When we don’t get sufficient sleep, we are slowly degrading our brains, bit by bit. Learn how to take daily naps if you need them for your brain or body to get back to an alert state. The siesta pattern is the second most popular sleep pattern, and it involves an afternoon nap of twenty to ninety minutes. There is some evidence that this pattern lowers inflammation and is better for the brain. Some days, two or more naps of twenty minutes each may be better for your productivity and overall wakefulness than a nap-free day. Find a quiet place, use eyeshades and earplugs, both of which greatly improve the quality of your sleep. The best eyeshades are shaped like bra cups, so you don’t feel them on your eyelashes. The brand I use is in the picture at right. Your car may be the best place if your office doesn’t have a good nap room. For home, get a good bed and pillow. Go to bed an hour or two earlier if you need to, to get your full eight or nine (or more?) hours. Use eye shades and earplugs if they help. Don’t use bright screens in bed or just before bed, if they make it harder for you to fall asleep (pay attention and decide for yourself). Do whatever you need, to get a deep recovery every night. If you aren’t sleeping well, be sure to do exercise, a hot shower, a sauna, sex, or some other activity that physically tires you out before bed. Be sure to have a quiet dark room, so that your very first sleep phase of the night (Phase IV, deep, dreamless sleep) runs as long as possible. That, and meditation while lying in bed, will get you a long way toward better sleep. Get a sleep tracker if that helps, though I’ve never felt the need for one. Tom Rath’s Eat Move Sleep: How Small Choices Lead to Big Changes (2013) will convince you that eating the right things, exercise, and sleep are foundations to your and your client’s health.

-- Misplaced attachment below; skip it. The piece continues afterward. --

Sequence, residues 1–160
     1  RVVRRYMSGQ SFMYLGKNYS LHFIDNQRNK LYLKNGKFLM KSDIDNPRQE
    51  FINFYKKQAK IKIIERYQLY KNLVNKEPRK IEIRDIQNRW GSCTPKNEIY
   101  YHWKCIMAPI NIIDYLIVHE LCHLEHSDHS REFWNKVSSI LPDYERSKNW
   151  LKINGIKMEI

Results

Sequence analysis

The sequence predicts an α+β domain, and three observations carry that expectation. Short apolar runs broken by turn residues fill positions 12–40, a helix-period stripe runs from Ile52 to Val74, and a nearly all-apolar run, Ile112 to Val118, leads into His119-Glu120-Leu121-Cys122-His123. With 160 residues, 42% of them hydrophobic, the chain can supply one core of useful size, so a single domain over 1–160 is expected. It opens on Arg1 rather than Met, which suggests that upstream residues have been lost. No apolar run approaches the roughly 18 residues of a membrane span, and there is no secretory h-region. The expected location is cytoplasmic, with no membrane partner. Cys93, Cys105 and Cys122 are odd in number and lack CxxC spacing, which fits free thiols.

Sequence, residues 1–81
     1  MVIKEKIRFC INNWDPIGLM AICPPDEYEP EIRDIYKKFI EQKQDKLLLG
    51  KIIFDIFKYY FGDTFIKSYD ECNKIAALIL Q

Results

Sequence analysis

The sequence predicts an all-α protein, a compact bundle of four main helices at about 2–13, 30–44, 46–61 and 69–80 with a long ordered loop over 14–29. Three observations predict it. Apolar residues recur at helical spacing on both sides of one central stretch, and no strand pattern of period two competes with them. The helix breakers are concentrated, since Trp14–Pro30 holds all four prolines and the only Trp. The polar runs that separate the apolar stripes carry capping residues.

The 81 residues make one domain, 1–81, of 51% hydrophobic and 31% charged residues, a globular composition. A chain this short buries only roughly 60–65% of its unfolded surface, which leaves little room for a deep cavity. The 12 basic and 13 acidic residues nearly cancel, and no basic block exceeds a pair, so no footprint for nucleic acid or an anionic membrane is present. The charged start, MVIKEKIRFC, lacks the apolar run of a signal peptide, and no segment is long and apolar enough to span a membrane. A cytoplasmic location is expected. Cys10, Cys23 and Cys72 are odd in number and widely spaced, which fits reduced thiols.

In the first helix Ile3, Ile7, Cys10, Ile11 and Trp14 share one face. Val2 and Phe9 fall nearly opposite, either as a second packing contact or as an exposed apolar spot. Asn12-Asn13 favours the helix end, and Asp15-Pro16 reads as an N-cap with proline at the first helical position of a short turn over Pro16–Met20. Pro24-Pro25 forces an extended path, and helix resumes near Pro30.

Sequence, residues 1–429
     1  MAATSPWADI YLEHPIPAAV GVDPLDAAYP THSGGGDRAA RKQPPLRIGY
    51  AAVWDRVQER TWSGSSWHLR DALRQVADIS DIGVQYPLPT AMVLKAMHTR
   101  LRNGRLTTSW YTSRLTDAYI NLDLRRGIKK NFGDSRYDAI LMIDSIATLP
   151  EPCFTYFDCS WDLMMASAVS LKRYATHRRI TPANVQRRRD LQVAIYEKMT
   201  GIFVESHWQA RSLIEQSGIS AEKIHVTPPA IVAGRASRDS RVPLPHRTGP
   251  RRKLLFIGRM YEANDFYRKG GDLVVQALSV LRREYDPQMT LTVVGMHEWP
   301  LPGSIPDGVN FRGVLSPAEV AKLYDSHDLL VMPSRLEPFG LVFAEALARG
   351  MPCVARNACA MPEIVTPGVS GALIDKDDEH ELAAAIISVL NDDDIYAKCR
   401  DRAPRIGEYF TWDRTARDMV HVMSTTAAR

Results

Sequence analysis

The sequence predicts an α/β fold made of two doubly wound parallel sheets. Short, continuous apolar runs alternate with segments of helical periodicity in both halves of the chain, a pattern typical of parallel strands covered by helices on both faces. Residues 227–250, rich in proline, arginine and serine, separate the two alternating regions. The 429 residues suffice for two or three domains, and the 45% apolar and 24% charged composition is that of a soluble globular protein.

2. Learning/Reflecting Cycle.